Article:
Trans women jailed for five years for ‘attempted homosexuality’
Two trans women have been sentenced to five years in jail for “attempted homosexuality” in Cameroon.
Mildred Loic and Moute Rolland were arrested earlier this year for wearing women’s clothing while dining in a restaurant in Douala, a coastal city and one of the central African country’s industrial hubs.
Appearing in court on Tuesday (11 May), Loic and Rolland received the maximum possible sentence of five years in prison as well as a fine of 200,000 CFA francs, their lawyers confirmed to Reuters.
If they are unable to pay the fines, they risk an additional 12 months in prison, the BBC confirmed.
Alongside the charge of “attempted homosexuality”, the pair were convicted of public indecency and failing to carry identification.
To their lawyers and LGBT+ rights campaigners, the swift and devastating punishment pulls into focus the hostility trans people face in Cameroon.
“It’s a hammer blow,” one of their lawyers, Alice Nkom, told the AFP news agency.
“It’s the maximum term outlined in the law. The message is clear: homosexuals don’t have a place in Cameroon.”
Nkom has vowed to appeal the verdict, with fellow lawyer Richard Tamfu stressing that the verdict itself is flimsy at best – prosecutors lacked proof, wielding only suspicions.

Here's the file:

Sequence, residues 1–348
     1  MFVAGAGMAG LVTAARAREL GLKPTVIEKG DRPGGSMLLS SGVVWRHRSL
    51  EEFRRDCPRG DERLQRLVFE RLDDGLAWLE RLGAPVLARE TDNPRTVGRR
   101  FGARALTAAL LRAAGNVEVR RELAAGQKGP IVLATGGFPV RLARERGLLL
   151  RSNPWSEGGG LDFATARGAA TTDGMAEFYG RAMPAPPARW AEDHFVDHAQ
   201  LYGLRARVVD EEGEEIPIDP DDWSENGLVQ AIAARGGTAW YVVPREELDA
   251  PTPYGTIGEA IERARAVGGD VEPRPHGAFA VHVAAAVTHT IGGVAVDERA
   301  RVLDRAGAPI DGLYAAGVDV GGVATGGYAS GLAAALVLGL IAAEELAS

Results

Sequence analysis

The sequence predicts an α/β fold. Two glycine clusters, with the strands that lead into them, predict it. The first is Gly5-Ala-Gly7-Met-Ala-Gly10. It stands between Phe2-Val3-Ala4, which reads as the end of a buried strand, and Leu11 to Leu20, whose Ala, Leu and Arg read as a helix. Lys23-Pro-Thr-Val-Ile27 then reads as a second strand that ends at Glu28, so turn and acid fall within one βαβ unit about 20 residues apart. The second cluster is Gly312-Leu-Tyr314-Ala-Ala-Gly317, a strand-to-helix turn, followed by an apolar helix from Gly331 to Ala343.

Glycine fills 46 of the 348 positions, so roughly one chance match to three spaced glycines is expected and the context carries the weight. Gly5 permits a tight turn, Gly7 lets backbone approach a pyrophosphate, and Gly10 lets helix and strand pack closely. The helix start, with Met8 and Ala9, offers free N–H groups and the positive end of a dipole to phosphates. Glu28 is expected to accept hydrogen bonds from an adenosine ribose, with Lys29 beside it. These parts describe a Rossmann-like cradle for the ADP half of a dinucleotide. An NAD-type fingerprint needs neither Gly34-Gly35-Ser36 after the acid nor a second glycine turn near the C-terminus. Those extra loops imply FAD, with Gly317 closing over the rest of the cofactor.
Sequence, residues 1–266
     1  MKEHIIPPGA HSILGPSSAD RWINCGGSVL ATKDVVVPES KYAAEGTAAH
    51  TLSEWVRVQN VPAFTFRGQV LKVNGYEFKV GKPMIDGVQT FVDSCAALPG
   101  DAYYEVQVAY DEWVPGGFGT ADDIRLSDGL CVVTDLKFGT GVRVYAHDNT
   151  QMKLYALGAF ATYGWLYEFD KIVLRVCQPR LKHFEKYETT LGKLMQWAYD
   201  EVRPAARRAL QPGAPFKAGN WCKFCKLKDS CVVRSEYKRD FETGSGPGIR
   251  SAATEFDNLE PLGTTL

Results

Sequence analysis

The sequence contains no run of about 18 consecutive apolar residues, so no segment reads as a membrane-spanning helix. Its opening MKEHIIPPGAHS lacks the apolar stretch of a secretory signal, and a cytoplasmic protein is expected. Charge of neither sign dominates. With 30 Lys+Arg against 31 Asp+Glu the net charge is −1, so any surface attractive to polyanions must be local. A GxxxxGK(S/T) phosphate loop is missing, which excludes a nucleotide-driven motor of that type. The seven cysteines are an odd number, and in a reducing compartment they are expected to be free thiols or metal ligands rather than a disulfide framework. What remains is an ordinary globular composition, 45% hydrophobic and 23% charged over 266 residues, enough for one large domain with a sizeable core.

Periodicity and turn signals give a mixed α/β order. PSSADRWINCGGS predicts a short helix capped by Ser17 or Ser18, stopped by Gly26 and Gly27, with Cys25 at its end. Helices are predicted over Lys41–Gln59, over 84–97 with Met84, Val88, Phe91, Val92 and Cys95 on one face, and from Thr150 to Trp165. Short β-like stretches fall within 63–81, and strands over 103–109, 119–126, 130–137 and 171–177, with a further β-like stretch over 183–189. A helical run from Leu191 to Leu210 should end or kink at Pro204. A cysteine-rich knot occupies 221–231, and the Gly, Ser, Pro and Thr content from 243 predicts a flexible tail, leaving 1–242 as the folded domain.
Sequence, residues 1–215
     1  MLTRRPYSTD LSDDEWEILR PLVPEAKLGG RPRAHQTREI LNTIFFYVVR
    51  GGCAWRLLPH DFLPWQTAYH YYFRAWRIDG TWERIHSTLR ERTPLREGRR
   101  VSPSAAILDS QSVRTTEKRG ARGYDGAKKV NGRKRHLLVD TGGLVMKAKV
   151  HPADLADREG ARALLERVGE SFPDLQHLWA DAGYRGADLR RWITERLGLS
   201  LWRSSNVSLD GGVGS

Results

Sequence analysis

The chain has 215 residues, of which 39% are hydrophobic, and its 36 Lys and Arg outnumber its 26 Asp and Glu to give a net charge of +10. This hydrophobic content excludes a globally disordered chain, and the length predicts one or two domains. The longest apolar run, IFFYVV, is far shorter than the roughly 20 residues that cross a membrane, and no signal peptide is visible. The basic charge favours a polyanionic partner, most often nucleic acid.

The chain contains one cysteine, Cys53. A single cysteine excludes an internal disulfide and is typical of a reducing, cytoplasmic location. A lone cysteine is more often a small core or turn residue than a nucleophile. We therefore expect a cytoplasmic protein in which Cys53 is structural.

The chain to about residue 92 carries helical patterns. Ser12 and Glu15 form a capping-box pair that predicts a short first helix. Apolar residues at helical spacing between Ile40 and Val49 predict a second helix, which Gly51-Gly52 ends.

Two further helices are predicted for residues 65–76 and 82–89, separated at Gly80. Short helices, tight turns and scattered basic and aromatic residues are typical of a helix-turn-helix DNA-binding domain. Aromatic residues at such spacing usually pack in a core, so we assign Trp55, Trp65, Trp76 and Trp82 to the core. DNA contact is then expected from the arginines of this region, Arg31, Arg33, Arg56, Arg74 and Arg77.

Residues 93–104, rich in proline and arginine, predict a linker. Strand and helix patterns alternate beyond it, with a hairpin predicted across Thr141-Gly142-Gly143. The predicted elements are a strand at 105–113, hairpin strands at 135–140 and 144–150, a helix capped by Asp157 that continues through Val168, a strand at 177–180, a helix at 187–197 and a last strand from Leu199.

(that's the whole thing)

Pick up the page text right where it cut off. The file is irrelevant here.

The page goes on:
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Loic is well-known on local social media as an influencer. A cosmetician, she went by Shakiro and boasts more than 100,000 Facebook followers, often discussing her gender identity.
Homosexuality is illegal in Cameroon, carrying a sentence of five years, and a culture of fear has gripped the LGBT+ community in recent years. Local law enforcement raid out-of-sight queer bars, arresting and even torturing those inside.
Meanwhile, lesbian women are accused of witchcraft, made to drink animal blood, chained up and gang-raped to “cleanse” them of their sexuality.
And these cruel crackdowns are only rising, activists warn, with vigilante executions, beatings being commonplace and tolerated by the authorities, according to GLAAD.
“We have observed a resurgence in homophobic attacks this year,” said Ilaria Allegrozzi, a researcher at Human Rights Watch.
“It is common for people to be abused in detention.”